The House of Lords Home Affairs, Health and Education EU Sub-Committee has today invited contributions to its new inquiry, which will consider what the content of the next European Union Alcohol Strategy should be.
Chairman of the Committee, Baroness Prashar, said:
“The European Commission proposed the first Alcohol Strategy in October 2006. It was designed to help EU Member States to reduce alcohol-related illnesses and diseases amongst their citizens, and identified five priority themes to concentrate actions on for the next six years. These were: protecting young people, including children and the unborn child; reducing injuries and deaths from alcohol-related road accidents; preventing alcohol-related harm among adults and reducing the negative impact in workplaces; educating people and raising awareness of the impact and dangers of alcohol abuse; and developing and maintaining a record of similar cases across the EU.
“With the last Strategy having finished in 2012, thoughts are now turning to drafting a new one, expected to run from 2016-2022.
“We want to investigate how successful the current Strategy has been at achieving its aims and, in light of this, make suggestions about the content of the new Strategy and how it might be more effective.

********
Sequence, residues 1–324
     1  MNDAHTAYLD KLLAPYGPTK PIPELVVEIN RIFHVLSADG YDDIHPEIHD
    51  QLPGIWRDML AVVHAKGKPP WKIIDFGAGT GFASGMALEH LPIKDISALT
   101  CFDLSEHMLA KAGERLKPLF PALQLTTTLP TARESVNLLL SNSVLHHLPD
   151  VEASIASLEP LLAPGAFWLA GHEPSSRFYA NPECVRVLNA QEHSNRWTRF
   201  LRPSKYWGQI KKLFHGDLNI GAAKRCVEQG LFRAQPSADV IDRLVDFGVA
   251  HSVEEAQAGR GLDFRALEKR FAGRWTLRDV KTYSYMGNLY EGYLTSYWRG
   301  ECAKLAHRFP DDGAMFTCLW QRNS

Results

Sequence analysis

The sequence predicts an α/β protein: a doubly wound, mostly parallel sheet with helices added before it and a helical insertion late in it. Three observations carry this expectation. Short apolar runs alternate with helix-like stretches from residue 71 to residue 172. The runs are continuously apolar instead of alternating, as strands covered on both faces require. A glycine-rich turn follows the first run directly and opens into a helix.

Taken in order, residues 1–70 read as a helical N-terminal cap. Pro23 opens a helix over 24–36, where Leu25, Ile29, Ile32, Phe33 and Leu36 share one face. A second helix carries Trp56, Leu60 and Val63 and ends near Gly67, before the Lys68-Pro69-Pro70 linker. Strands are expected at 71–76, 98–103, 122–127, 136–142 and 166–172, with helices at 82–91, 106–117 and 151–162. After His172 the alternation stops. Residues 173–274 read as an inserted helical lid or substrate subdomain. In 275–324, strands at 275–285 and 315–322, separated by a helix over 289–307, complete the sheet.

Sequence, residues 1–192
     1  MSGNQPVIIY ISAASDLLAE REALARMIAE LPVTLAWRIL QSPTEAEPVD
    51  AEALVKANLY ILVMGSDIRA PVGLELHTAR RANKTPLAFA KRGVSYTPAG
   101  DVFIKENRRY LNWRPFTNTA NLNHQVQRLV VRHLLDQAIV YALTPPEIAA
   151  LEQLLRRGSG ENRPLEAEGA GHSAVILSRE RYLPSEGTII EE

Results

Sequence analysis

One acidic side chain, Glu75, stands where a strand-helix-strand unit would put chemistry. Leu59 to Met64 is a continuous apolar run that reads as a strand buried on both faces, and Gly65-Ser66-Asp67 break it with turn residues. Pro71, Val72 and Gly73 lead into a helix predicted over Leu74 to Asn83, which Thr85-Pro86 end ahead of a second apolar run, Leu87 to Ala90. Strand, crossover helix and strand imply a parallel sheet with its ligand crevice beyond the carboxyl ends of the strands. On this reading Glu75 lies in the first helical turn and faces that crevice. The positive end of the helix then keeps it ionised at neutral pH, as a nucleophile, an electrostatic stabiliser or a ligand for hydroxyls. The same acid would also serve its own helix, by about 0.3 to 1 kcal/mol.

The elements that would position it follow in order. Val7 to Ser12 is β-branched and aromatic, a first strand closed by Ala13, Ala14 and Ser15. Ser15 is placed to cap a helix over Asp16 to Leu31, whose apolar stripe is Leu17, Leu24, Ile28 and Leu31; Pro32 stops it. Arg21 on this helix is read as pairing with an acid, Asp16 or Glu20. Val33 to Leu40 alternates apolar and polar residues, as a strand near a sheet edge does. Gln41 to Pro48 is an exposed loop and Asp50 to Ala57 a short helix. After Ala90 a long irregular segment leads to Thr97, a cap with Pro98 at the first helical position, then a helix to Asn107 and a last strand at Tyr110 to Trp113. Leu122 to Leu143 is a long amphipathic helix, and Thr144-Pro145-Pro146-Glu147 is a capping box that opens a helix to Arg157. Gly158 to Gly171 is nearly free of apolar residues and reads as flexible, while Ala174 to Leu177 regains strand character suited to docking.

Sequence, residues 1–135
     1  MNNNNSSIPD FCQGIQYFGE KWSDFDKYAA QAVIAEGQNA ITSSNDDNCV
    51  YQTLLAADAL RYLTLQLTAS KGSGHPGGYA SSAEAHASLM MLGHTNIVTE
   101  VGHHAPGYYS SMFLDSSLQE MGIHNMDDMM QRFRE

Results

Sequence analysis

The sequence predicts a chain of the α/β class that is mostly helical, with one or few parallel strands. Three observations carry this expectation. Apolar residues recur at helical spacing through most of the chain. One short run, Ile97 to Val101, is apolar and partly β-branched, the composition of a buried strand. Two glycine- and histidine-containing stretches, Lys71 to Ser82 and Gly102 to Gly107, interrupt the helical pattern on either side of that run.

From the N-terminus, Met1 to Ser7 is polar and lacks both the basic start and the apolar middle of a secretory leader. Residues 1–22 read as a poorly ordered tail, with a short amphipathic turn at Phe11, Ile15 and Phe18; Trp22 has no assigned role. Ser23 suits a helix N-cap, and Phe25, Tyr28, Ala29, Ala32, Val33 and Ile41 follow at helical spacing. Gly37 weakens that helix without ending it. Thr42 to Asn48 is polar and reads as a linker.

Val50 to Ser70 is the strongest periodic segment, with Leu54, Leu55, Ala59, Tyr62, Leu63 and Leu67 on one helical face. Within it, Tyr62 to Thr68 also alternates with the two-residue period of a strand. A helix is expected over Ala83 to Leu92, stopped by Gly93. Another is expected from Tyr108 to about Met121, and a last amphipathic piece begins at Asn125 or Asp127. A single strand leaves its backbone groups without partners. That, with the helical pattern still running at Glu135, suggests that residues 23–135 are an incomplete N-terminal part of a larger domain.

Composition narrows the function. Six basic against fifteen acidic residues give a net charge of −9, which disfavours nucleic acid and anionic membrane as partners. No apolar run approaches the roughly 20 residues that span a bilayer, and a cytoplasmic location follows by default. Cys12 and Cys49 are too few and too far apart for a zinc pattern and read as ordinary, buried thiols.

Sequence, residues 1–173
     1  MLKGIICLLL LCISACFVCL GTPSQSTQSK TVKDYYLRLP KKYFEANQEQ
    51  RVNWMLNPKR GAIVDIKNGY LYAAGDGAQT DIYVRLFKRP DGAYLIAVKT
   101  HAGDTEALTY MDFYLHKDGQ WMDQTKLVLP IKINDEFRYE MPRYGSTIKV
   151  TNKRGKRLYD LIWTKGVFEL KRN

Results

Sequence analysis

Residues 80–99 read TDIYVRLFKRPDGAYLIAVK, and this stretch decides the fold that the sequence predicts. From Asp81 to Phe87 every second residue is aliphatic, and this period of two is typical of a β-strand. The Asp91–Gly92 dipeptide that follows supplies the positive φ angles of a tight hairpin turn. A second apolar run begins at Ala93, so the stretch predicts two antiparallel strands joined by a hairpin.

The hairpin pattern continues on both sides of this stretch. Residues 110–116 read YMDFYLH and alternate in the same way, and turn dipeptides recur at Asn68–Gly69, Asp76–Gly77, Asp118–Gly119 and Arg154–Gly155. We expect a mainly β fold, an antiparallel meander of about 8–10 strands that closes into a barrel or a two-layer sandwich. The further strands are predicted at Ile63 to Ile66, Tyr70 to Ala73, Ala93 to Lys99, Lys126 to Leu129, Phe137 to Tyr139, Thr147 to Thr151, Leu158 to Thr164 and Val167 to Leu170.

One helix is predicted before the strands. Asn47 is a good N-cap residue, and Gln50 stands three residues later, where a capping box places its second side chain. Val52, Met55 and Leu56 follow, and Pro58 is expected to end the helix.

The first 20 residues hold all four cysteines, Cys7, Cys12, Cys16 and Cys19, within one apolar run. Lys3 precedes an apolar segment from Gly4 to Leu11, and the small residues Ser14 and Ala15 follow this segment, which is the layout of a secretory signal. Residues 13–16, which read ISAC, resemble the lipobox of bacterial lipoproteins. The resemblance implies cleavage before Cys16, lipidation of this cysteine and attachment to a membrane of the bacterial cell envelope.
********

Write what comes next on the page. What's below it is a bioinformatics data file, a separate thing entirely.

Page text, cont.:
“Therefore, I would encourage anyone with the relevant experience or expertise to contribute to our inquiry.”
Specific questions the Committee is asking include:
- Should there even be another EU Alcohol Strategy? If so, what should its focus, content and purpose be?
- Are the EU’s existing alcohol policies in line with existing international frameworks to tackle alcohol abuse, for example, the World Health Organisation (WHO)?
- Could the Court of Justice of the European Union do more to balance to the aims of the single market with the wishes of individual Member States to promote public health, for example with minimum pricing?
- Are the mechanisms created in the last strategy for facilitating discussion, cooperation and the exchange of good practice between Member States, industry, civil society organisations and EU institutions, for example, the EU Alcohol and Health Forum (EAHF) and the Committee on National Alcohol Policy and Action (CNAPA), still appropriate?
The deadline for submitting written evidence is Friday 19 September 2014